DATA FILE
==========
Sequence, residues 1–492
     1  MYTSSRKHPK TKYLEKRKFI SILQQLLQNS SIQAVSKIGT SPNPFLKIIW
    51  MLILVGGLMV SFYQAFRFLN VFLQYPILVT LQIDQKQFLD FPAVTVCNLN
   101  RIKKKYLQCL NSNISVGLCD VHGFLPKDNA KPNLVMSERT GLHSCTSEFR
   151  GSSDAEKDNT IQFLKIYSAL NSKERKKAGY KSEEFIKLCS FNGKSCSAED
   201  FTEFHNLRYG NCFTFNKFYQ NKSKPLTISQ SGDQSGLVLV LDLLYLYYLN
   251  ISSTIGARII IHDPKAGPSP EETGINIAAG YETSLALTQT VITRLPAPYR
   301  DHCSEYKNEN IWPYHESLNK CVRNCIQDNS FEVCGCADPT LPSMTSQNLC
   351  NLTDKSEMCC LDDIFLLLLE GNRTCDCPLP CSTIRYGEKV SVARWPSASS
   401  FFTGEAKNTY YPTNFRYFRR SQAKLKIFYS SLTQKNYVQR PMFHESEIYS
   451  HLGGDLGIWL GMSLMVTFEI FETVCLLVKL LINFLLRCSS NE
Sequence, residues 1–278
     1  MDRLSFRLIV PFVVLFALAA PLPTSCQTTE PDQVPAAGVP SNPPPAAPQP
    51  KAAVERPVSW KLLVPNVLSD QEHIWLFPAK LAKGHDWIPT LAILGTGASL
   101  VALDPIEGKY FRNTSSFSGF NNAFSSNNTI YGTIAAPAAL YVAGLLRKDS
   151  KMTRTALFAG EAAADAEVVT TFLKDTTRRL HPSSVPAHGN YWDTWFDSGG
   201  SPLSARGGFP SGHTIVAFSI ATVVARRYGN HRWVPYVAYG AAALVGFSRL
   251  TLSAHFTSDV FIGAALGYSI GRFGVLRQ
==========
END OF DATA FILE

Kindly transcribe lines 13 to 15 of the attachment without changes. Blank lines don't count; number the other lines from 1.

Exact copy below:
     1  MDRLSFRLIV PFVVLFALAA PLPTSCQTTE PDQVPAAGVP SNPPPAAPQP
    51  KAAVERPVSW KLLVPNVLSD QEHIWLFPAK LAKGHDWIPT LAILGTGASL
   101  VALDPIEGKY FRNTSSFSGF NNAFSSNNTI YGTIAAPAAL YVAGLLRKDS